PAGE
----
Performance-based Parenting

24 Dec

I serve a perfect, all-knowing Saviour, but I am a work in progress and will be one until the day I depart this earth.

One thing I am struggling with right now is the idea that an attitude of gratitude is hard to teach to one’s offspring.  

I don’t necessarily think that is an issue restricted to special needs offspring.  I have seen enough examples of the “most entitled generation ever” to say that many of us have not been able to teach the concept of “attitude of gratitude.”  Or maybe not all of my generation even tried . . .  

I know that my special needs son needs to catch this as an attitude of the heart, not as an externally imposed rule from me.  I also know his college, which is a Christian school for special needs people, is aware of the need to convey this concept in a heart-to-heart way.  So we all keep plugging away at teaching it . . .

Where I think I have failed in the past is in not realizing that if I accept dismissive behavior directed toward me by my son, I am disobeying the part of God’s Word that says children need to be taught to respect their parents, and actually to treat every human being with dignity.  

It is subtle, this whole issue.  I certainly imposed consequences for blatantly disrespectful language or actions.  

What I didn’t see coming until it was in my rearview mirror was the tendency to hand me a “to do list” for which appreciation is never shown, but with a new list of demands being issued when the old list is finished.  

I spent my childhood trying to find one minute in which I felt I had completed enough actions to be considered a good daughter.  I now find myself spending my motherhood doing the same, in relation to my child.  I am measuring my parenting by whether I can ever get to the point where I have completed the “to do list” of things my kid wants done for him.  And the answer is . . . I cannot.  

There is so much wrong there, at so many levels.  Relationships should not be defined by what others do for us.  We all know that.  Or rather, the only relationship that should be defined by what others do for us is that of employer and employee.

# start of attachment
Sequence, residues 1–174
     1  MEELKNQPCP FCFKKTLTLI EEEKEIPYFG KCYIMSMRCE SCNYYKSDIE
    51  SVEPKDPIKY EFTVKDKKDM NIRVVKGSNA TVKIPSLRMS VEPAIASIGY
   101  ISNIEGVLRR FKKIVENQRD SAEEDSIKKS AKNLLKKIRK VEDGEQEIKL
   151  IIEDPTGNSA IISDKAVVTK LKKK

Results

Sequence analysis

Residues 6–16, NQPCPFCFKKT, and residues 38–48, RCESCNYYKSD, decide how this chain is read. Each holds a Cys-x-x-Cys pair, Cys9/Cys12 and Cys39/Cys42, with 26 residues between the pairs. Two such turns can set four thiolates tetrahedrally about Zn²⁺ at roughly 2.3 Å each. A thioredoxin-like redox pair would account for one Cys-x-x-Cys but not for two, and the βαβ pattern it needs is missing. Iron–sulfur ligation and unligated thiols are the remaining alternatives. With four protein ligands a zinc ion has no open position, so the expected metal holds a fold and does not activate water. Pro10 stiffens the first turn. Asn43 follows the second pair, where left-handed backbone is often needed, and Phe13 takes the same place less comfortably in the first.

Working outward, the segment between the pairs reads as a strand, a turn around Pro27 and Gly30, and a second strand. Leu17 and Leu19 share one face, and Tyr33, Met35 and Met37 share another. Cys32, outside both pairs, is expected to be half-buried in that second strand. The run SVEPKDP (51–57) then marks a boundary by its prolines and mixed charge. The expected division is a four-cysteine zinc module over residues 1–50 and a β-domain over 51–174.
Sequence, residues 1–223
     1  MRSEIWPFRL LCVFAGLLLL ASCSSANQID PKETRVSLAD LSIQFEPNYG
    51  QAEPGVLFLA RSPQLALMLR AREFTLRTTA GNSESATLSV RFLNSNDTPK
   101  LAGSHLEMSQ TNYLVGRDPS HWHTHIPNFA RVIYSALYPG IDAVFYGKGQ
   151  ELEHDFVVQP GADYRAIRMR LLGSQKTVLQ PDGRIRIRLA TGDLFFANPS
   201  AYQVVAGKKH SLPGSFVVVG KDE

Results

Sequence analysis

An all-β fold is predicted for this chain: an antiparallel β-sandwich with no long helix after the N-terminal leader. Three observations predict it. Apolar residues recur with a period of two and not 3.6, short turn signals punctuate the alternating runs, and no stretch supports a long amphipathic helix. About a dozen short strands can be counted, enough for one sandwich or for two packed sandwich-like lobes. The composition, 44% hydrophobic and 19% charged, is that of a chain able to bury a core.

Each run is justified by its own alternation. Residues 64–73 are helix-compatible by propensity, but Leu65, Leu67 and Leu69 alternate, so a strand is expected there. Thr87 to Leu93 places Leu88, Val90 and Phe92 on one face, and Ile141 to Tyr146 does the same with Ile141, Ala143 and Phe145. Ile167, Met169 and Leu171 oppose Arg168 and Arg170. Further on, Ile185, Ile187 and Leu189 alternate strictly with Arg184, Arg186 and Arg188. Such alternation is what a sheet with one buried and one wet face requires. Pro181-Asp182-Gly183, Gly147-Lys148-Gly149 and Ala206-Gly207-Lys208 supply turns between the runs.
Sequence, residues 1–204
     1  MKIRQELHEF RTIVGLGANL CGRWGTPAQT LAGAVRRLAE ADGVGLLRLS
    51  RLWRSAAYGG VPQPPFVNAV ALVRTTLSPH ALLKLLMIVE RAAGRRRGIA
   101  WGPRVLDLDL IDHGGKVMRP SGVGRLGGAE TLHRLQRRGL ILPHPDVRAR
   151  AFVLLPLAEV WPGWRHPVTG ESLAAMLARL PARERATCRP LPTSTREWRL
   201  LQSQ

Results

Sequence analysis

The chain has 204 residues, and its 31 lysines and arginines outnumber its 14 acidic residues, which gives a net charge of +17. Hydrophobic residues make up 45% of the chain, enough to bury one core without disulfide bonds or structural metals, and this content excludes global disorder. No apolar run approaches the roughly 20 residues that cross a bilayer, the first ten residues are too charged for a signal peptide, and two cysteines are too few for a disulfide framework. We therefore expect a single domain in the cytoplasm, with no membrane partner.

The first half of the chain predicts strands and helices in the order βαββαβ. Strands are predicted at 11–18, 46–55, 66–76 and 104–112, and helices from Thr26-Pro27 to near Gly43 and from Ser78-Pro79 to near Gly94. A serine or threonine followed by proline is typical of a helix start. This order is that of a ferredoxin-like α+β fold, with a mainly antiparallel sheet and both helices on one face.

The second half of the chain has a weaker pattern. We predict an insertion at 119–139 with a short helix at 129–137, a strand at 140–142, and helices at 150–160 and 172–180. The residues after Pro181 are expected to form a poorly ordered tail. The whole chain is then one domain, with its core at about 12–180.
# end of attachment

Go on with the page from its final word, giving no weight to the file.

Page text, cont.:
But what makes me saddest is that I have not conveyed the idea of an attitude of gratitude.  I don’t often hear “thank you” when we cross one thing off the “to do list.”  Actually, I usually just hear that one thing being replaced by two more requirements.  And I know they are only requirements because I allow them to be.

I know that getting mad and pushing back will not solve this.  We cannot legislate an attitude of gratitude.  Sitting down like a mule and saying I won’t do anything more for my family won’t cut it either.  Nothing that is being asked of me is abnormal for family life.  It is just all being asked in a way that takes me totally for granted.  

I did just declare a moratorium for Christmas Eve and Christmas.  I will not acknowledge any requests till the 26th.  I am exhausted, ten days after my son arrived home from college.  We have been to two malls, the Navy Exchange twice, a thrift store, three special restaurants, the doctor, a beauty parlor (for haircut), and the grocery store that has six packs of Coke.  That is not factoring in all of the requests to jump up and find things for him at home or to do things for him that he has not yet mastered for himself (that is probably the special needs part–and, in all fairness, he is working on self-help skills and is making great progress).  

So, for those of you who have never lived with a special needs person, that may be an eye-opening rant, although I know we all have our own responsibilities in life and many, many of us live in a sacrificial way within our families.  

I just realize that it is a two-way street.  If we are nothing but sacrifice, then our children become nothing but takers.  

And, if my parenting is to be performance-based at all, I should at least take God’s view of my performance, which is that I should convey righteous standards to my child, not teach him to be a taker all life long.  

I take the point and . . . I run to my Saviour once again, to be found fully sufficient in Him and in His righteousness, while I walk this earth in fear and trembling, living and learning and growing and always knowing I fall short, but that in Him I have everything.     

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2 Responses to “Performance-based Parenting”

  1. Justin December 26, 2013 at 12:56 PM #

    I happen to know you and have for many many years and i can say without a shadow of a doubt you are a “good” mother. You have provided many opportunities which otherwise would have been nothing more than a fantasy. We try to find the ballance between give and take, but in the end i have noticed it is nice to be needed, while still making sure to say I need a break. Great article and hopefully this will lead to more discussions 🙂

    • Mary Gardner Martin December 26, 2013 at 1:00 PM #

      Awwww, thanks, Justin. This first college year has produced a lot of self-questioning in me. Which is not necessarily a bad thing, but can get out of balance . . .

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